McMullin, Sir Alister (1900–1984)
Featured Image: Sir Alister McMullin, Chancellor of the University of Newcastle 1966 – 1977
Australian Dictionary of Biography, Volume 18, (MUP), 2012
Alister McMullin, 1953
Sir Alister McMullin (1900-1984), grazier and politician, was born on 14 July 1900 at Bingeberry, Rouchel, New South Wales, youngest of seven children of New South Wales-born parents William George McMullin, grazier, and his wife Catherine, née McDonald. Educated at Rouchel Public School, after his father’s death in 1928 Alister bought Yarramoor, where he raised prime lambs. He took a keen interest in local government and served on the Upper Hunter Shire Council, the local Pastures Protection and Scone’s Scott Memorial Hospital boards, and on the district ambulance committee.
Enlisting in the Australian Imperial Force at Paddington, Sydney, on 9 July 1940, McMullin served briefly as a gunner in the 3rd Field Artillery Training Battery. He was discharged in January 1941 on being commissioned as a pilot officer in the Administrative and Special Duties Branch of the Royal Australian Air Force. Appointed to No.24 Squadron, he served at Townsville and Maryborough, Queensland, and was promoted to flying officer in July 1941 and to flight lieutenant in October 1942. In 1944 he briefly commanded No.42 Squadron and was appointed adjutant. He was demobilised on 22 February 1946. On 23 November that year at St Stephen’s Presbyterian Church, Sydney, he married Thelma Louise Smith, daughter of W. J. Smith. He and his wife moved in 1956 to his father-in-law’s St Aubins stud, Scone, where he bred cattle and developed a keen interest in racehorse breeding.
At the double dissolution election in 1951 McMullin was elected as a Liberal Party of Australia senator for New South Wales. Serving as president of the Senate from 1953 until 1971, he became chairman in 1956 of the Senate standing orders and the parliamentary library committees, and a member of the house committee and of the joint committee on the broadcasting of parliamentary proceedings. A strong believer in the role of the Senate and the bicameral system, he prepared with (Sir) John McLeay An Introduction to the Australian Federal Parliament (1959). During parliamentary recesses he toured extensively in country areas, developed an affinity for school children and their parents, and spoke on radio and television on the role of parliament. He was appointed KCMG in June 1957.
McMullin’s term as president was marked by his strong interest in the planning of a new and permanent Parliament House in Canberra. He was chairman (1965-71) of the joint select committee which developed a number of concepts. His preference was for a building on the shores of Lake Burley Griffin, but when the government finally made the decision to build on Capital Hill, he was quite satisfied with the outcome.
Australian representative (1954-60) on the Commonwealth Parliamentary Association, McMullin served as chairman (1959-60 and 1969-70) of the general council. He saw the CPA as the living embodiment of all that is best in the Westminster system and as the protector of democratic rights in all nations within the Commonwealth. His diplomatic skills were tested while chairing the CPA conference held in Canberra in 1970, when the Commonwealth was concerned about South Africa’s apartheid policies. Tanzanian delegates took affront when overnight their flag outside Parliament House fell to the ground; they accused Australia of failing to maintain the necessary security and their leader stated that, in his country, ‘we would guard the flags with machine guns’. Sir Alister travelled extensively in the service of the CPA; he represented Australia at the funeral of President J. F. Kennedy in Washington in 1963 and led the Australian delegation to the opening (1964) of the Territory of Papua and New Guinea’s first House of Assembly.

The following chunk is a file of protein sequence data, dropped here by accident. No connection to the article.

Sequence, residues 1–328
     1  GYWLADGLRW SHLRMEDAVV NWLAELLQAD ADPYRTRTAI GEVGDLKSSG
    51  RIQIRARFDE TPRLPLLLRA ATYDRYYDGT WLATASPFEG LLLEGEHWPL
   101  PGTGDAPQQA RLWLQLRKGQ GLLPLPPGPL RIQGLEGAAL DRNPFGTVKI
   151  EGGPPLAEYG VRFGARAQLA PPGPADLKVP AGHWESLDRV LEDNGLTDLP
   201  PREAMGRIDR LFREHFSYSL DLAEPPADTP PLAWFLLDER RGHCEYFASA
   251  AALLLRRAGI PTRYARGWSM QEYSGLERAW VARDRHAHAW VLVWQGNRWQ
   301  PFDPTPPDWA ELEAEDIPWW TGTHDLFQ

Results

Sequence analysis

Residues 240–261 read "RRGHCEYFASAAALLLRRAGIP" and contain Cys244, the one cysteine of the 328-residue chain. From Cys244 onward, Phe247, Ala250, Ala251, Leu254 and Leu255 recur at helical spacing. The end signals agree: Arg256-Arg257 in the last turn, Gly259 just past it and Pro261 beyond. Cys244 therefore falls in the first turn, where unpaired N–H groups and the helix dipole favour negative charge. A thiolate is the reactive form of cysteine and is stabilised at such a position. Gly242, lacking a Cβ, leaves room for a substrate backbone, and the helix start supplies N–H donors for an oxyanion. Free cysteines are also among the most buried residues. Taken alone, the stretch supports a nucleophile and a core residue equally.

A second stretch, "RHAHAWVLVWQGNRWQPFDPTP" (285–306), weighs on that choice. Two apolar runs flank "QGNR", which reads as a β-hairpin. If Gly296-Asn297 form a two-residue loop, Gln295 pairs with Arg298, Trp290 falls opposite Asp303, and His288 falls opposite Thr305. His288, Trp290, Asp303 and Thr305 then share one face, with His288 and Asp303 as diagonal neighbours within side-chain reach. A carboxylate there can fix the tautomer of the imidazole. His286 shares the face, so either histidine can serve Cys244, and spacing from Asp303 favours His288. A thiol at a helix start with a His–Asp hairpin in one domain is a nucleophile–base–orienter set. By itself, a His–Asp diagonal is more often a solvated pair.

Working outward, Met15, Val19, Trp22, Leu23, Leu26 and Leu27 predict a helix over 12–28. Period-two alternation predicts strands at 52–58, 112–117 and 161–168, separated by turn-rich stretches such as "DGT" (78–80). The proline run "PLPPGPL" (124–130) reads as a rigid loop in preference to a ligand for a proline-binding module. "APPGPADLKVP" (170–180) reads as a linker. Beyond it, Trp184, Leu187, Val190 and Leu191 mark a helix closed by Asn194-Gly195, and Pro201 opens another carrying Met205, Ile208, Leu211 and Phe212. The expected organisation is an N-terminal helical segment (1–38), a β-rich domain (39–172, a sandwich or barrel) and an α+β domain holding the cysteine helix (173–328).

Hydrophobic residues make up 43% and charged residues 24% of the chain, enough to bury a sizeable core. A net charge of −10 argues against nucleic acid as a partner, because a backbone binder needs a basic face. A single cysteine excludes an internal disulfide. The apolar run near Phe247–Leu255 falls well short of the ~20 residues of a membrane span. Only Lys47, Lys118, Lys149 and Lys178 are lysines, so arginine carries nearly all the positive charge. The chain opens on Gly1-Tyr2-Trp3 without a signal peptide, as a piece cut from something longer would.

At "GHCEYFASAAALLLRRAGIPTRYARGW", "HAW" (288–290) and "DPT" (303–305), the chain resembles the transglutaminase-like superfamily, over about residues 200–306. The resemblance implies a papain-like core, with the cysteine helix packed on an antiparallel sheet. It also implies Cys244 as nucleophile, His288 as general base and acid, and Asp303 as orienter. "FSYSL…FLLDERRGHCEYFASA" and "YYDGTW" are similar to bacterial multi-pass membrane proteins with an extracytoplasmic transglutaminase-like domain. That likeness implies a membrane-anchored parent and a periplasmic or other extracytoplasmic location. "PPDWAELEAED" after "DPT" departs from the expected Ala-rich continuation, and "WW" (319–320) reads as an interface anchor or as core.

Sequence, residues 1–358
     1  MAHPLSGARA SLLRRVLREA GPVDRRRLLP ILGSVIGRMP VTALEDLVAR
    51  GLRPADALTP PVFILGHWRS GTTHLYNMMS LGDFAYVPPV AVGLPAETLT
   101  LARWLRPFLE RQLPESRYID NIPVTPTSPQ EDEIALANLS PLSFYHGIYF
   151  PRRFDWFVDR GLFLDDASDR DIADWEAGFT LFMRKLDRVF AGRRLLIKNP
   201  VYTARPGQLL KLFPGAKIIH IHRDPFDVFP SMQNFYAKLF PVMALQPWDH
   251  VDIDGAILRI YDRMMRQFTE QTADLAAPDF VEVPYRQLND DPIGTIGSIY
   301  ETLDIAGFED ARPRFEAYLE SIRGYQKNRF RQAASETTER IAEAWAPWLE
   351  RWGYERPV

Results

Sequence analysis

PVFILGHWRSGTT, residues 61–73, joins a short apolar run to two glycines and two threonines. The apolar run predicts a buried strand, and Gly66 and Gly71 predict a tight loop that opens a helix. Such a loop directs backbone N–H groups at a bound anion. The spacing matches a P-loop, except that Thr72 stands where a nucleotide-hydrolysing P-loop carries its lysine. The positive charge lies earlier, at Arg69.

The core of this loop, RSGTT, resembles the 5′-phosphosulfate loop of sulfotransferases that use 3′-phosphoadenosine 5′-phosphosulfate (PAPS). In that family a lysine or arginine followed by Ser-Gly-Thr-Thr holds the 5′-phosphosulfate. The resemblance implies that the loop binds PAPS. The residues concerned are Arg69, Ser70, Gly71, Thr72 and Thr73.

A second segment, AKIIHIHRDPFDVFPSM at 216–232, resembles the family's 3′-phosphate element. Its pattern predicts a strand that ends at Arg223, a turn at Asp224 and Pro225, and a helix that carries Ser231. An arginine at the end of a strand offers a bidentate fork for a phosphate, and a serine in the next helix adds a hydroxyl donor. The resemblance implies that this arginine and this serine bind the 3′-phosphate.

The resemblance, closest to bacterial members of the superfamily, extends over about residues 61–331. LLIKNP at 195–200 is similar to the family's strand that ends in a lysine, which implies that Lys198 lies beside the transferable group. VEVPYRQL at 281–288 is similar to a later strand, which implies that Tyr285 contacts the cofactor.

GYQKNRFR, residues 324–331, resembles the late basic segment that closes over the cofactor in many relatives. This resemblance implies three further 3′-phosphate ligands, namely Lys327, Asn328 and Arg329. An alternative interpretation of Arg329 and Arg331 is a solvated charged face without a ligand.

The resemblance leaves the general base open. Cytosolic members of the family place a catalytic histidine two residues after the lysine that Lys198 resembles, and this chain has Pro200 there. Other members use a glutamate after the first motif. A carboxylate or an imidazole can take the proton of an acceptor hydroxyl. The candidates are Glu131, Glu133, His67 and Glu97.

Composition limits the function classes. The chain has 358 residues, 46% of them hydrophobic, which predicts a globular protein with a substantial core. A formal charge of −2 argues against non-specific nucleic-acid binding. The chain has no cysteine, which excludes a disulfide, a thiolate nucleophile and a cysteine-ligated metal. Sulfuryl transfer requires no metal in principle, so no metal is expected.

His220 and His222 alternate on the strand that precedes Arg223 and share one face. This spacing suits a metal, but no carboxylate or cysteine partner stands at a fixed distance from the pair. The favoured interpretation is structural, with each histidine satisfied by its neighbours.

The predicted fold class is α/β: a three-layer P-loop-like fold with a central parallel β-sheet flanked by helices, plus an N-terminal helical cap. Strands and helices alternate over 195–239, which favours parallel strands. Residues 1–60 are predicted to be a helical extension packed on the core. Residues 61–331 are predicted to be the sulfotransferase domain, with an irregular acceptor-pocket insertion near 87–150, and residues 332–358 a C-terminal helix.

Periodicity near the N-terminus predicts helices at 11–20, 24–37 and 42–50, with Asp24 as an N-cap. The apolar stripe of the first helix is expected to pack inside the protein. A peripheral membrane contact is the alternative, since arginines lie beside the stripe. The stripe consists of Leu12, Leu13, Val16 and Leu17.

McMullin worked closely with the parliamentary and national librarian, (Sir) Harold White. Together they developed the Commonwealth’s first Legislative Research Service to assist parliamentarians in preparing for debates. Appointed a member (1960) of the interim council of the National Library of Australia, McMullin was deputy-chairman (1961-71) and chairman (1971-73) of its council.
Elected the first chancellor (1966-77) of the University of Newcastle, McMullin was awarded an honorary D.Litt. in 1966; the university named the McMullin Building after him. He was a director of Muswellbrook Industries Ltd (1966-74) and of Forestwood Australia Ltd (1970-78). He did not contest the 1970 Senate elections and retired from the chamber the next year. Of large stature, dignified and courteous, McMullin strove as president of the Senate to give all members a ‘fair go’. The Australian Democratic Labor Party senator, Condon Byrne, praised him for his ‘liberality and understanding’, and for his impartiality and integrity. Sir Alister himself described his parliamentary career as ‘good fun’. Survived by his wife and their daughter, he died on 7 August 1984 at Scone and was buried in the Uniting Church cemetery, Rouchel; their son had died in infancy. A portrait by (Sir) Ivor Hele hangs in Parliament House, Canberra.